Tarmo Hannula/The Pajaronian INTERNATIONAL WOMEN'S DAY Watsonville Mayor Vanessa Quiroz-Carter, left, and Vice-Mayor Maria Orozco are the second women to fill those roles in the city's history.

When Vanessa Quiroz-Carter and Maria Orozco were sworn in late last year as Watsonville’s Mayor and Vice-Mayor, it was only the second time in the city’s history two women have held the roles.

The first was in 2019, when Rebecca Garcia and Trina Coffman-Gomez sat in the seats. 

In fact, women being placed into high office is a relatively recent development in Watsonville, with Ann Soldo becoming the city’s first female mayor in 1983, more than 100 years after Watsonville was incorporated.

For International Women’s Day today, The Pajaronian sat down with Quiroz-Carter and Orozco to talk about their roles, and the importance of having women leaders.

Launched in 1975, International Women’s Day is a time to celebrate the political, social and economic contributions of women. The day also serves as a reminder to support equality.

In decades past it would have been unthinkable for women to hold leadership roles, and vestiges of that outdated thinking still remain in some places.

Quiroz-Carter says that both her youth, and the fact that she is Latina surprises some people. But others, she says, draw inspiration from it.

“People tell me that it gives them hope for the future,” she says. “That they can see their daughters or their sisters or their wives, people that they know being in positions of power.”

Orozco agrees.

“When we look at historically the City of Watsonville, it’s rare when you’ve seen two women of color representing the city,” she says. “And when you see it it’s shocking, but it’s also very powerful.”

Orozco says she always keeps in mind that she is serving as a role model.

“So there is a burden we carry,” she says. “That responsibility in making sure we are representing our community in the best possible way.”

Quiroz-Carter says she still sees traces of a patriarchal system.

“I’ve definitely been in meetings where I’m overlooked,” she says. “They will bypass me to shake the hand of the man.”

This thinking changes, she says, with more women getting elected and appointed.

“That’s why it’s important for people to see more women leaders,” she says. 

Both Quiroz-Carter and Orozco agree that women generally have different leadership styles than their male counterparts. 

“We’re logical, we have strong leadership skills,” Orozco says. “But we also have that humanity in the way we lead. And I think that we’re willing to even change our minds sometimes when we sit down in conversation with people who may not agree with us.”

Quiroz-Carter adds, “And women are collaborative.”

But these differences can be both a detriment and a benefit, Quiroz-Carter says.

“Sometimes those leadership styles aren’t—because they’re not within this masculine frame—it’s not taken as seriously,” she says. “So I feel like as a woman you have to sometimes work so much harder to fit into someone’s idea of what a leader is, even if you don’t fit that mold.”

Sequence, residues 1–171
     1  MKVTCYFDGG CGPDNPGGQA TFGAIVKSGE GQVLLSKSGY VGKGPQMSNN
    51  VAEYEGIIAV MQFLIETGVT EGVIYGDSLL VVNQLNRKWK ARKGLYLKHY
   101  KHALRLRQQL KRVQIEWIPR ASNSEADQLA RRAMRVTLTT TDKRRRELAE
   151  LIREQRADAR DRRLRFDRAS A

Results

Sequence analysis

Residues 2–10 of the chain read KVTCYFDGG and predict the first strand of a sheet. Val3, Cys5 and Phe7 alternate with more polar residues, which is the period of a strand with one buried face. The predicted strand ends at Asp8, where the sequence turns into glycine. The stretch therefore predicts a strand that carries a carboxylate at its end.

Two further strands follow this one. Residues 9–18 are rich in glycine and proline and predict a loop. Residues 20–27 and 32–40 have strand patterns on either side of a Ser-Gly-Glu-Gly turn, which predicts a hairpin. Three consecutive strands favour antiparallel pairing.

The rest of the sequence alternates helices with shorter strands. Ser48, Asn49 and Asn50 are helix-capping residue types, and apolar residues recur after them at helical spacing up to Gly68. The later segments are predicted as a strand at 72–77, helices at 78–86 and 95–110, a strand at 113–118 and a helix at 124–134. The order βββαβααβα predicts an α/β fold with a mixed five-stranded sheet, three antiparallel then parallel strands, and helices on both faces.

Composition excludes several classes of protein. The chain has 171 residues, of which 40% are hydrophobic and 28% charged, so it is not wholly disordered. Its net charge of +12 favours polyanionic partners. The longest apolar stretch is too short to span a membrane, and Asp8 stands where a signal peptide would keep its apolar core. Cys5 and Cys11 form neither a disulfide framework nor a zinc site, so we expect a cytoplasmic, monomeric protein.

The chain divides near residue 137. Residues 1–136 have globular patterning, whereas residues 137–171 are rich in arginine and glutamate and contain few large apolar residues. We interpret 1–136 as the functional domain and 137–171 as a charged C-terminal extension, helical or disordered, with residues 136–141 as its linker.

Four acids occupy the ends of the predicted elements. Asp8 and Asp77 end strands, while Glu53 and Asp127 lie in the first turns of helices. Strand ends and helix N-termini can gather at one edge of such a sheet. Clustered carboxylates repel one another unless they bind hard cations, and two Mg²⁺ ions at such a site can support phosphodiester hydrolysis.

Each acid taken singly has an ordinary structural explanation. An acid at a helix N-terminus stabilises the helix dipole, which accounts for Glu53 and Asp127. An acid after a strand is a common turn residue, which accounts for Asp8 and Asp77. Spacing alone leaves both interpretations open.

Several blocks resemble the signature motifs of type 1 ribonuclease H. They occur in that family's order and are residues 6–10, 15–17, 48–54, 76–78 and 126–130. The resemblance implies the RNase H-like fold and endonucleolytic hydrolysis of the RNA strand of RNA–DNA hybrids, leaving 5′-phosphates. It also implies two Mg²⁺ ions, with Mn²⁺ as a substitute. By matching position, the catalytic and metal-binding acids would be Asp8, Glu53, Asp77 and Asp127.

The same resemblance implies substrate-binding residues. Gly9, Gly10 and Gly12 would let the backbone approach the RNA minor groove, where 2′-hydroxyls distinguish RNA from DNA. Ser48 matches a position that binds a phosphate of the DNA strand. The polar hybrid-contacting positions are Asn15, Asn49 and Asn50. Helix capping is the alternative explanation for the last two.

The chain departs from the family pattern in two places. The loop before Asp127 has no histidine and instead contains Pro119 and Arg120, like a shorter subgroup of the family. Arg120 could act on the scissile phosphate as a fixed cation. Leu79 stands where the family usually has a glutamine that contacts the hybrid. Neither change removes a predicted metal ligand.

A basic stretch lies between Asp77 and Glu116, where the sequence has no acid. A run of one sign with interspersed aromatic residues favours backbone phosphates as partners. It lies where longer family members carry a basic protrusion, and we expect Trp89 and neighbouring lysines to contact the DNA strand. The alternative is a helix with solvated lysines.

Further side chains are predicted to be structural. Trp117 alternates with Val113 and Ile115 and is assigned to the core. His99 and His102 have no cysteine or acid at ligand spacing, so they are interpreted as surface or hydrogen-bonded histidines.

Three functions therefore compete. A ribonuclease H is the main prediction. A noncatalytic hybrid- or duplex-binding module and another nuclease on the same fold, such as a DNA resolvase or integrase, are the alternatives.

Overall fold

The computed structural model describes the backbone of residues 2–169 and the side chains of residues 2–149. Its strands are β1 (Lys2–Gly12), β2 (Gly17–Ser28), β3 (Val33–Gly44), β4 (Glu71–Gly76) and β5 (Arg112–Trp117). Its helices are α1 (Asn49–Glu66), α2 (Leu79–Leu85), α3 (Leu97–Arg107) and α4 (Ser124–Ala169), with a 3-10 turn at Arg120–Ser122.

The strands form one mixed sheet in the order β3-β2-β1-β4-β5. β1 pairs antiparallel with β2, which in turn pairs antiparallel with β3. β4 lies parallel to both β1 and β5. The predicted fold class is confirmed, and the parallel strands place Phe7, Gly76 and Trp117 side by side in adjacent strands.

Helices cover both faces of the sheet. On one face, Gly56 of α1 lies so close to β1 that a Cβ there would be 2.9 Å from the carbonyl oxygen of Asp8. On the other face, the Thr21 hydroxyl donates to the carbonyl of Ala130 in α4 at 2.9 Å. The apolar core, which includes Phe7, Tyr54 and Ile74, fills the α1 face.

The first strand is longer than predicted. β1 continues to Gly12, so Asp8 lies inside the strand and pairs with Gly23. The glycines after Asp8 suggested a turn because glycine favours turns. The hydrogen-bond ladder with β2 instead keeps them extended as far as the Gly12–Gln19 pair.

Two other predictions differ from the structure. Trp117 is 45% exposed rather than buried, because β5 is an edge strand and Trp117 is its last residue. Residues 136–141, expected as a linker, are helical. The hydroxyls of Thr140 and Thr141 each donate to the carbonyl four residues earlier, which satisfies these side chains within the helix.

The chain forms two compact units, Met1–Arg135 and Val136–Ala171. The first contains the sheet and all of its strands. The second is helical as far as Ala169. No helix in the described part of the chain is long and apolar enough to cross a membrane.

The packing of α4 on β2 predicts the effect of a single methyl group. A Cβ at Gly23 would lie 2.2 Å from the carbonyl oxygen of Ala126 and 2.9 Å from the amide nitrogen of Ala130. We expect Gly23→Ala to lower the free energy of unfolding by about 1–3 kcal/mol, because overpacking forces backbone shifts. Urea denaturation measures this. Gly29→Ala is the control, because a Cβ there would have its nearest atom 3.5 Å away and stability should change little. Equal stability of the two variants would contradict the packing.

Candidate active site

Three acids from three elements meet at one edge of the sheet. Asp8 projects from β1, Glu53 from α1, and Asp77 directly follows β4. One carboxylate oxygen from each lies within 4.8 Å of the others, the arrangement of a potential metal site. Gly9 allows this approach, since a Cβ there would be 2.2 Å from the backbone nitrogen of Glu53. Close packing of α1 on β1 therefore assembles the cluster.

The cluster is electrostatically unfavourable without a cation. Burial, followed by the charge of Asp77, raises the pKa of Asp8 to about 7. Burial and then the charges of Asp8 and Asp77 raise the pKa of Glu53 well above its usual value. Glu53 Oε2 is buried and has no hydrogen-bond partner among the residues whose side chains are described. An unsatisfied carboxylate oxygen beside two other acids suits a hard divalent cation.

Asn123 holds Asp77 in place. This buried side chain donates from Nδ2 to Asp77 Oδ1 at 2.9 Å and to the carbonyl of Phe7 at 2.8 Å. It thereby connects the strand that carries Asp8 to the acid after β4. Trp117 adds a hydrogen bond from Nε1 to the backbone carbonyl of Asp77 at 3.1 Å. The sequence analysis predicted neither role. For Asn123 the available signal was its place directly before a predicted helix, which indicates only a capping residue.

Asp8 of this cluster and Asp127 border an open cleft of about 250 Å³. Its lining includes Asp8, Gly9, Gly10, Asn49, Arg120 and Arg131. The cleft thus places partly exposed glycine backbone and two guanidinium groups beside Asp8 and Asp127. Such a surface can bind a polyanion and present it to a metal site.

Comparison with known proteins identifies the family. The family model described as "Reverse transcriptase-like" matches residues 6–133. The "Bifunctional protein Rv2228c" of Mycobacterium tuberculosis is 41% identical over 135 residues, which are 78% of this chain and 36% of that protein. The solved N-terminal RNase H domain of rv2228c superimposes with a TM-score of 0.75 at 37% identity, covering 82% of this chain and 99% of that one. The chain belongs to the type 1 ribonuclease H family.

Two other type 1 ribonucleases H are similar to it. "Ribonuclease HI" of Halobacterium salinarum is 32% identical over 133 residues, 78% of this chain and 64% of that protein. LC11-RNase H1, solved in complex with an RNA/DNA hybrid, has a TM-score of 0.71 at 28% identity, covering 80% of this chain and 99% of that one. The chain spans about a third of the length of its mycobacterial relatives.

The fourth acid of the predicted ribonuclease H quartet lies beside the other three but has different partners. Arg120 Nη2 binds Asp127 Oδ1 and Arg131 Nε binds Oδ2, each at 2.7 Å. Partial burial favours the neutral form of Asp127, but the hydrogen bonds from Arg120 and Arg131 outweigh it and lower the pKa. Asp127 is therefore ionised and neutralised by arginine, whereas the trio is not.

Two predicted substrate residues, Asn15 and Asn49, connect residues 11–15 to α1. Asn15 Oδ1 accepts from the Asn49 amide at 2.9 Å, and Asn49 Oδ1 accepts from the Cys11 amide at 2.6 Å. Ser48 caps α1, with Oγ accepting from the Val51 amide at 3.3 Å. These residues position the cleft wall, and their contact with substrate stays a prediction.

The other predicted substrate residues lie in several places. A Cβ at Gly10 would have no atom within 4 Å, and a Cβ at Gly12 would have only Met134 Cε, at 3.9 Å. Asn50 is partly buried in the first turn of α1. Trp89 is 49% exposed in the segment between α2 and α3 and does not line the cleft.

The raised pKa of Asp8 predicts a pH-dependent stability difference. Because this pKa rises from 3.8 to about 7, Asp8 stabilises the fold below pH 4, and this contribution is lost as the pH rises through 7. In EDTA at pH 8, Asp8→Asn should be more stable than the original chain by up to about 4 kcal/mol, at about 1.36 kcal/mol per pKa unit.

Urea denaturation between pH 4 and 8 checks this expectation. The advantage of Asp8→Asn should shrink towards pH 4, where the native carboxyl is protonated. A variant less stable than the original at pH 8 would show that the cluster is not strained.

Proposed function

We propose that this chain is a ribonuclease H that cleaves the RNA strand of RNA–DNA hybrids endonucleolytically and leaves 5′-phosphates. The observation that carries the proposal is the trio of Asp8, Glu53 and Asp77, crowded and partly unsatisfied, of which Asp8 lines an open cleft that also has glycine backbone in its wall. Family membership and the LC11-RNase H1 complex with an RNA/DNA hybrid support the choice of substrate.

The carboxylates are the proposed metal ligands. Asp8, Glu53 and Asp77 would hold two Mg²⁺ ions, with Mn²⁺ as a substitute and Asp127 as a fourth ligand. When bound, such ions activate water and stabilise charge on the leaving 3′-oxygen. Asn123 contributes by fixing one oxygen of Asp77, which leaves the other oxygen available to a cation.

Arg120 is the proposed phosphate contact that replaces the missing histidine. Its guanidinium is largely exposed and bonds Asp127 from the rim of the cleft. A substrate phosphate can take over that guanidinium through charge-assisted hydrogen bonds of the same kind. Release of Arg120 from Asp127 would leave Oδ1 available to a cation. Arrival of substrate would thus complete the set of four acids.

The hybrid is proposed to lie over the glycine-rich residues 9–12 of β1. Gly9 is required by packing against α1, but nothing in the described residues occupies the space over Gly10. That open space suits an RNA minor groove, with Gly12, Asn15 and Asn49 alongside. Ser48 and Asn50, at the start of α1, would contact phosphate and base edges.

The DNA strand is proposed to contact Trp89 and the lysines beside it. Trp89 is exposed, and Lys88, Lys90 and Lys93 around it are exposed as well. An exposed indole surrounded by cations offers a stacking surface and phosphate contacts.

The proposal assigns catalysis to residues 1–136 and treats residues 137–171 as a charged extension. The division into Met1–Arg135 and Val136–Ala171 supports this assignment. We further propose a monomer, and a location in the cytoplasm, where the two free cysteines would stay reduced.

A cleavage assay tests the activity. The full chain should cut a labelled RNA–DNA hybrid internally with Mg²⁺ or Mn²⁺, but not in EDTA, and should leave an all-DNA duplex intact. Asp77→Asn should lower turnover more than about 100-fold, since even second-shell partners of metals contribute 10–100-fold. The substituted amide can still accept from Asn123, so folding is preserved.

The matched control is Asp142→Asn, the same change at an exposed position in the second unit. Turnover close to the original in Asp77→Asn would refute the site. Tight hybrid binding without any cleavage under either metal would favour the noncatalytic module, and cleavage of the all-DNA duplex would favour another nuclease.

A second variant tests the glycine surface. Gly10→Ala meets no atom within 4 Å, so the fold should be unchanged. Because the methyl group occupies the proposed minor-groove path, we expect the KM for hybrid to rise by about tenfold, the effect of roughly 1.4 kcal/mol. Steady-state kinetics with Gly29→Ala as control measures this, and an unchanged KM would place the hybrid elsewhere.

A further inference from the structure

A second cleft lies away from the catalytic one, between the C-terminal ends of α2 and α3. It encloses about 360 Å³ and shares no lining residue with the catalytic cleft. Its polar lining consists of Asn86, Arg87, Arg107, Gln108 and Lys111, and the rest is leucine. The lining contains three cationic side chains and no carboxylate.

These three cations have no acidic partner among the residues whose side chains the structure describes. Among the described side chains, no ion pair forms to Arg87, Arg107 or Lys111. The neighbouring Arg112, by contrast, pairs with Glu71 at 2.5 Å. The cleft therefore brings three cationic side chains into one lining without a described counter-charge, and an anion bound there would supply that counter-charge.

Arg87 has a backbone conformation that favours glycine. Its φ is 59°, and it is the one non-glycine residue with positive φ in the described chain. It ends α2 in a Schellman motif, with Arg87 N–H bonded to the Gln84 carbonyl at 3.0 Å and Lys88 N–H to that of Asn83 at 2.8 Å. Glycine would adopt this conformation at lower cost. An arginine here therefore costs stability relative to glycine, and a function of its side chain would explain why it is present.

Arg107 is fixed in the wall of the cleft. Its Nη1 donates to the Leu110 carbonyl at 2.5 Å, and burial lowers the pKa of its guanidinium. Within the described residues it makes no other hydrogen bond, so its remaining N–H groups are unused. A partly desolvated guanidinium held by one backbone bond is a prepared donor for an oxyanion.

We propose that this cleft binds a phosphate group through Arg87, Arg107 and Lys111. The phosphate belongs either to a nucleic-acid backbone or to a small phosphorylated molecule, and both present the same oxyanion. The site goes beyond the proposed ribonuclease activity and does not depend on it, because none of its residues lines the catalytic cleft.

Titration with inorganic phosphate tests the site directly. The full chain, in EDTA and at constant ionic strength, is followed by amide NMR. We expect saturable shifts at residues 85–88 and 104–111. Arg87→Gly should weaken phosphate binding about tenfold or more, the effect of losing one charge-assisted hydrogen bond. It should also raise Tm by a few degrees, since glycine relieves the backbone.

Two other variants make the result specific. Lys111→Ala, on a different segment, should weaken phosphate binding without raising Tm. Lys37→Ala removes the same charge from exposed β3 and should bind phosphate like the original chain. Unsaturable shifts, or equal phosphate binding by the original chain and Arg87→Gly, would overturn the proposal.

At the same time, both say that they have had many male mentors. Orozco says she has learned to weather the slings and arrows that come with her position.

“One thing I appreciate from the male perspective is that ability to teach you to have a tough skin,” she says. “And to look past being ignored at times and just keep paving the way.”

Quiroz-Carter says that her success comes despite being raised in a patriarchal family where the men come first and women are expected to get married and have children.

“I always felt I was in the shadows of my male cousins, because they were the ones that were expected to be the leaders,” she says. 

Orozco came from a similar background. She describes herself as the, “trouble-maker of the family.”

“I had to push the agenda, and I think that’s where my leadership comes in. I’m not going to take no for an answer just because you say no,” she says. “I’m going to open doors for myself. And I want you to listen to me. I want you to see me, because I have something to say. And I think that’s beautiful.”

When asked for her advice for young girls who are learning to make their way in the world, Quiroz-Carter said they should, “open your own doors. Make your own opportunity.”

“That’s really what you have to do,” she says. “And trust what you’re good at and continue doing it.”

Also, she adds, “Failure is part of success.”

“You have to fail in order to succeed,” she says. “You have to try things. You have to go where other people have not gone before, even if it’s scary.

Orozco adds, “get comfortable with being uncomfortable, because that’s when you know you’re growing.”

“In any decision you have to make, and any opportunity you take, make sure you hold your integrity tight, and keep your values intact,” she says. I don’t think you should ever have the need to negotiate your values.”

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General assignment reporter, covering nearly every beat. I specialize in feature stories, but equally skilled in hard and spot news. Pajaronian/Good Times/Press Banner reporter honored by CSBA. https://pajaronian.com/r-p-reporter-honored-by-csba/


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